A version of this article was published by Gastro Obscura. See the complete article here. The following is an outtake.
ON A RECENT afternoon, Johl Whiteduck Ringuette was holding forth at a Toronto community health center, addressing some 25 seniors about indigenous medicinal plants and foods. Among his many projects, giving talks such as this one occupies a substantial portion of his time. To the attentive audience, he broached the central conundrum of his work.
“What is indigenous food?” he asked. “Most of our people don’t even know.” He evoked historical Canadian laws that outlawed hunting, fishing and trapping, and that banned native languages and customs. “As a result, we don’t know what our culture is.”
As he recounted to the seniors, in the 19th century, indigenous people were often forcibly separated from traditional food sources, and non-native foodstuffs like flour, sugar and salt were introduced in their stead. He blames these European-introduced foods for the high level of heart disease and diabetes among aboriginal people, which the Public Health Agency of Canada characterizes as “epidemic.”
He advocates eating traditional foods to combat such health problems. “But how do you do that when traditional foods have been eradicated?”
Ringuette regularly faces this problem in his own catering and restaurant business. According to Canadian law, it is illegal to serve wild game in a restaurant; it must be farmed. The white corn Ringuette uses in his Three Sisters Stew (the “three sisters” are corn, beans and squash) and corn soup comes from the sole commercial provider in the area, Bonnie Skye, on the Six Nations of the Grand River, the largest First Nations reserve in Canada. Every six weeks a NishDish employee has to drive the hour and a half southwest of Toronto to pick up a supply. “If [Skye] stops doing it, we have no white corn.”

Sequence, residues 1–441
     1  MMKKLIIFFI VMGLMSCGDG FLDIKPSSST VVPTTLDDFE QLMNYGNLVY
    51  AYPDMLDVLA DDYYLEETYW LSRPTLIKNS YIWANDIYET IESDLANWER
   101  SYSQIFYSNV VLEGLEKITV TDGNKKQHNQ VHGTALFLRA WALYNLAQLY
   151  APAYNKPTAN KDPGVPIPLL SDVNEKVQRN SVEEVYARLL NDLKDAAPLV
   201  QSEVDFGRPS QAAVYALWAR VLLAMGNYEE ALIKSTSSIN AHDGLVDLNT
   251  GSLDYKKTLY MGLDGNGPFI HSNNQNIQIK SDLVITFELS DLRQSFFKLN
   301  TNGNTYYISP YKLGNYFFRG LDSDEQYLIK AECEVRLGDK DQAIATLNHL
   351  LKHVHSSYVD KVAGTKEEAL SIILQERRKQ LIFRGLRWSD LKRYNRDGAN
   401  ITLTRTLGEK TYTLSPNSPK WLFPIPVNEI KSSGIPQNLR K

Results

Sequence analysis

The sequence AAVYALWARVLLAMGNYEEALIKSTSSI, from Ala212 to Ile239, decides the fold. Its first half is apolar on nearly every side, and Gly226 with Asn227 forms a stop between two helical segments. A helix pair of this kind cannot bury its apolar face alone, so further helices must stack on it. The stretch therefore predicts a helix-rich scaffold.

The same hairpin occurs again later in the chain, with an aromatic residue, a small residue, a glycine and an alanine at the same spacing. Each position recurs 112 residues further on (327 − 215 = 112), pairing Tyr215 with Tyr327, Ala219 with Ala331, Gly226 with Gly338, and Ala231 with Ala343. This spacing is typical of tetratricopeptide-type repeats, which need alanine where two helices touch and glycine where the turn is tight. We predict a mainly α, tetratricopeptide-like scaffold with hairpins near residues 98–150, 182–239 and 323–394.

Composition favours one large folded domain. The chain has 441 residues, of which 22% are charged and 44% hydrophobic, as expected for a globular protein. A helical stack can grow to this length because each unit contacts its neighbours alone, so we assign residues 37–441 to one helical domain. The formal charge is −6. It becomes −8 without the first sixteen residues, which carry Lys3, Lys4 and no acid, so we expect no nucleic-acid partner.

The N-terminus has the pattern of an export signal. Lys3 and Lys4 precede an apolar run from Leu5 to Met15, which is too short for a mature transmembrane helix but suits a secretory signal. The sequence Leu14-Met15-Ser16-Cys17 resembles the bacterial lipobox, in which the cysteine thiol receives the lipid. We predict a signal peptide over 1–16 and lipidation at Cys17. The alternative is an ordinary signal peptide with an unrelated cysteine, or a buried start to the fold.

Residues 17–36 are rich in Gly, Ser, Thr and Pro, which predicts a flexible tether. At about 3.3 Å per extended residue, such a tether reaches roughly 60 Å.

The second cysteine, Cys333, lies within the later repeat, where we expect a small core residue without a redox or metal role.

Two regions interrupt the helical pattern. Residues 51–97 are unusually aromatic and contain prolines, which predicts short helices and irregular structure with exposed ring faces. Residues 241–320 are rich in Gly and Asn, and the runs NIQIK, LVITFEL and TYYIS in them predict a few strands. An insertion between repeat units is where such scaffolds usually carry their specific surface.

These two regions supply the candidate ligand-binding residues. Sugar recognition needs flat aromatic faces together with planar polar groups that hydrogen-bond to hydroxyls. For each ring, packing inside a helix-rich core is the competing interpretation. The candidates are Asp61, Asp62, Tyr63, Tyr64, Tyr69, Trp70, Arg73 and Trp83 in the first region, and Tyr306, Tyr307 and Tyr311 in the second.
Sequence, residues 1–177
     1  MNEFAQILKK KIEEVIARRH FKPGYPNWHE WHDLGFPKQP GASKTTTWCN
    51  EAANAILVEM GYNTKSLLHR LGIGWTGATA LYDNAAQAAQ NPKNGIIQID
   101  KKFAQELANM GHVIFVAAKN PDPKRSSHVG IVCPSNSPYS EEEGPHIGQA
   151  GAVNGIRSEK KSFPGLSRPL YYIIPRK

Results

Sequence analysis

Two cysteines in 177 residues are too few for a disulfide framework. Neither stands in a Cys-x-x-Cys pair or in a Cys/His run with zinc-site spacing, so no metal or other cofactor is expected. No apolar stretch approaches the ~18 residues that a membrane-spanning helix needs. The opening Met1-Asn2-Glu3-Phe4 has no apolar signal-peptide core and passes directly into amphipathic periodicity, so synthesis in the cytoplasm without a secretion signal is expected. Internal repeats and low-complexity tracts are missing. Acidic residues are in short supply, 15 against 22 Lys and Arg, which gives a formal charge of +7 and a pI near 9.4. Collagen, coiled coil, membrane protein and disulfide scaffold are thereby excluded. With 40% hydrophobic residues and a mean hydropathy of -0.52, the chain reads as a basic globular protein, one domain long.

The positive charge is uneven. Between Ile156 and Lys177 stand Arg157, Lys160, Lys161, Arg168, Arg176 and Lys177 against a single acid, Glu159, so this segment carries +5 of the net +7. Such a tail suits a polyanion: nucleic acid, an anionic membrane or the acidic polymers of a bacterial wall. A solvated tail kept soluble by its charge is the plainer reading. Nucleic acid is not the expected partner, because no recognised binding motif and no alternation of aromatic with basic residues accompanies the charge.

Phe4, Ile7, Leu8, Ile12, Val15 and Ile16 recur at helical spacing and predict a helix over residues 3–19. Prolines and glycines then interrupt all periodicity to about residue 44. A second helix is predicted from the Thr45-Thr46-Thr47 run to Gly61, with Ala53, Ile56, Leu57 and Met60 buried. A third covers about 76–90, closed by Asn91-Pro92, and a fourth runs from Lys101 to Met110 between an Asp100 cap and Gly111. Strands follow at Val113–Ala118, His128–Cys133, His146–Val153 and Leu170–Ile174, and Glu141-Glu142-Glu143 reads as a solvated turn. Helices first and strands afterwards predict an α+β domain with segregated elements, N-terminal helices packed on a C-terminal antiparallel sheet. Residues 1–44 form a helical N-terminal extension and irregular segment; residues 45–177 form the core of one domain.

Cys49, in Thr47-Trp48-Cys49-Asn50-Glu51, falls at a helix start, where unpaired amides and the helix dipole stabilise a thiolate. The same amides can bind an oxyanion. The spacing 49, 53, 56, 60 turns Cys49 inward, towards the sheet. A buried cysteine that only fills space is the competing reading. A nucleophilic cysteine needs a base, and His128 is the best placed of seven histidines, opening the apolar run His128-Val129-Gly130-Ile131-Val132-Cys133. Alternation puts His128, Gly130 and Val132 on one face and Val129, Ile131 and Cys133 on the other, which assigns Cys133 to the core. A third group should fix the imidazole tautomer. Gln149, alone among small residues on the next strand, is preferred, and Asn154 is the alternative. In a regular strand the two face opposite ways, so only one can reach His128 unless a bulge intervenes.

Toronto is traditionally a wild rice territory. But today, Ringuette has to get deliveries from Flying Wild Rice, an indigenous grower 2,000 kilometers (1,240 miles) northwest of Toronto. Used in both sweet and savory NishDish offerings, like wild rice casserole, duck and wild rice soup, and wild rice-wild blueberry pudding, the rice is grown on a remote fly-in, spring-sourced lake. When supply runs out, Ringuette admits that he has been forced to buy wild rice at the commercial chain Bulk Barn, which does not offer the same quality product.
“You can see that’s not a sustainable or sovereign food line,” he said.
To address these concerns, Ringuette founded a series of interlacing businesses and not-for-profits. In addition to his restaurant NishDish (recently closed during the Covid-19 crisis), Ringuette created the Ojibiikaan Indigenous Cultural Network, a not-for-profit dedicated to indigenous food sovereignty in the Greater Toronto area. Among other initiatives, it plants indigenous gardens, such as Three Sisters gardens (corn, beans and squash mutually support one another, like a community). He is researching how, through partnerships with private land owners and universities, he might bring white corn and wild rice farming to the Toronto area. His Red Urban Nation Artist Collective has festooned a Toronto school board complex with murals, a site that hosts the occasional Indigenous Harvesters and Artisans Market, events that he hopes will become more regular.
Ringuette has targeted this complex, its land and the public Christie Pits Park across the street as the hub of perhaps his most ambitious project, spearheaded by another one of his not-for-profit groups, the Toronto Indigenous Business Association. In an area west of Koreatown, where NishDish is located, Ringuette envisions creating what he is calling the Anishinaabe Village District, a neighborhood where indigenous people could find resources of all kinds, including businesses, libraries and social services. In the near future, he is hoping, by procuring an investor, to open an expanded NishDish Restaurant and Marketeria in this envisioned district. Through outreach to other local community groups, grant applications, and projects like the murals and community gardens, he is gradually making progress toward these goals.
He acknowledges, though, that fulfilling his all-encompassing mission will not be easy. As he told the seniors at the health center, “In our teachings I’m responsible for the next seven generations.” Indeed, he sees that establishing sovereign food lines will take generations — which only spurs him on: “Someone has to start doing something now.”
In the fight for 15 years to date, he is ready to devote a lifetime to it — but humbly. “I’m not an elder,” he told the roomful of elderly Canadians. “I’m just a regular person learning my own culture.”
Forced to close during the health crisis, Nishdish initiated a GoFundMe campaign: https://bit.ly/3gefw6Z